Background:, Arithmetical skills are essential to the effective exercise of citizenship in a numerate society. How these skills are acquired, or fail to be acquired, is of great importance not only to individual children but to the organisation of formal education and its role in society. Method:, The evidence on the normal and abnormal developmental progression of arithmetical abilities is reviewed; in particular, evidence for arithmetical ability arising from innate specific cognitive skills (innate numerosity) vs. general cognitive abilities (the Piagetian view) is compared. Results:, These include evidence from infancy research, neuropsychological studies of developmental dyscalculia, neuroimaging and genetics. The development of arithmetical abilities can be described in terms of the idea of numerosity , the number of objects in a set. Early arithmetic is usually thought of as the effects on numerosity of operations on sets such as set union. The child's concept of numerosity appears to be innate, as infants, even in the first week of life, seem to discriminate visual arrays on the basis of numerosity. Development can be seen in terms of an increasingly sophisticated understanding of numerosity and its implications, and in increasing skill in manipulating numerosities. The impairment in the capacity to learn arithmetic , dyscalculia , can be interpreted in many cases as a deficit in the concept in the child's concept of numerosity. The neuroanatomical bases of arithmetical development and other outstanding issues are discussed. Conclusions:, The evidence broadly supports the idea of an innate specific capacity for acquiring arithmetical skills, but the effects of the content of learning, and the timing of learning in the course of development, requires further investigation. [source]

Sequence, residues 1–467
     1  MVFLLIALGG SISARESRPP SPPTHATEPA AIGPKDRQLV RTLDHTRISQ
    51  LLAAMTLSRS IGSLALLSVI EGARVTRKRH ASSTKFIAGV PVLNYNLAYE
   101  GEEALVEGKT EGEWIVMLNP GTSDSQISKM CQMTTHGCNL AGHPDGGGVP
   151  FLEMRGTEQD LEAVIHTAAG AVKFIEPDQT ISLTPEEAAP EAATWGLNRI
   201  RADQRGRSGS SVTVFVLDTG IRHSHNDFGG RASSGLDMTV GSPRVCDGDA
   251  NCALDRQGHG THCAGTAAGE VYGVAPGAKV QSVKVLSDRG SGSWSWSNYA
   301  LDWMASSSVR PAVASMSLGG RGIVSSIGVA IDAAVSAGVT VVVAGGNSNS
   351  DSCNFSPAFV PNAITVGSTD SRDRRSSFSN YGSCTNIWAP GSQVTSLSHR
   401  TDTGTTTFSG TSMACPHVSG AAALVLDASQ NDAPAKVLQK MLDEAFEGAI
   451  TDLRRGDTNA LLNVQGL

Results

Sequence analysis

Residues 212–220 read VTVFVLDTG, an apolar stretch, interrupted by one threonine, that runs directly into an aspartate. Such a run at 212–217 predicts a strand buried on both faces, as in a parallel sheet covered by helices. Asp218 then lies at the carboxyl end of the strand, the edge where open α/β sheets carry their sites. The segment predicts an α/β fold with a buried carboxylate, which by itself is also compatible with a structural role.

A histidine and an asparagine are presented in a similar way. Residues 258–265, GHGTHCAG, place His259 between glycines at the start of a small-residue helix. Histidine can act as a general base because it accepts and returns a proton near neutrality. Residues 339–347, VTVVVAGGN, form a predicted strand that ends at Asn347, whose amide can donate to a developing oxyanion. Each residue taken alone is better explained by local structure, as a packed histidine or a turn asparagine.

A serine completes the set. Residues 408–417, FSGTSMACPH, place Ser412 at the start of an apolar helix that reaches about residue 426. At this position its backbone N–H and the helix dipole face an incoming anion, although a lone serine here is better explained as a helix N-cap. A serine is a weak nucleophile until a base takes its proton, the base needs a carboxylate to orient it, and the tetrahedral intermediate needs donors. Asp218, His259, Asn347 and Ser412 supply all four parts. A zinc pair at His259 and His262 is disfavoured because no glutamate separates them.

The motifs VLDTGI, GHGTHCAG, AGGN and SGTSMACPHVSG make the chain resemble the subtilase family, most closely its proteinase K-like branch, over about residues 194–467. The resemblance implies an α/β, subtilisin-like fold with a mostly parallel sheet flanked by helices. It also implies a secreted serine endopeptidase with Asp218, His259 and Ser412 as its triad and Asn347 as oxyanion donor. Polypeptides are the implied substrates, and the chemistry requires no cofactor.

The experiences of disabled pupils and their families

BRITISH JOURNAL OF SPECIAL EDUCATION, Issue 4 2007
Ann Lewis
In this article, Ann Lewis, Professor of Education at the University of Birmingham, and Ian Davison, Jean Ellins, Louise Niblett, Sarah Parsons, Christopher Robertson and Jeremy Sharpe from the research team provide a summary of discussions and selected recommendations arising from four linked projects run between 2004 and 2006. The projects were funded by the Disability Rights Commission (DRC) and looked into the experiences of disabled pupils and their families across England, Scotland and Wales. A central aim of the research was to identify the key concerns and priorities in relation to their experiences of education for children and young people with special educational needs (SEN) or disabilities and their families in the UK. The research encompassed a UK-wide parent survey (N=1776); in-depth case studies of individual children and young people (N=36); group case studies (of, for example, school councils) (N=3); and a series of project advisory groups involving disabled people. Underlying these aspects was an emphasis on the importance and validity of hearing directly from (potentially all) children and young people themselves. Thus the work meshes closely with initiatives worldwide concerning the recognition of children's,voice'in matters that concern them. The authors are not aware of any comparable evidence which focuses in-depth on a wide cross-section of pupils with disabilities or special needs and their families in the UK-wide educational context and which is located alongside concurrent authoritative data concerning the views of parents and carers. [source]


Disabled Children and Residential Schools: The Implications for Local Education Professionals

BRITISH JOURNAL OF SPECIAL EDUCATION, Issue 2 2003
Jenny Morris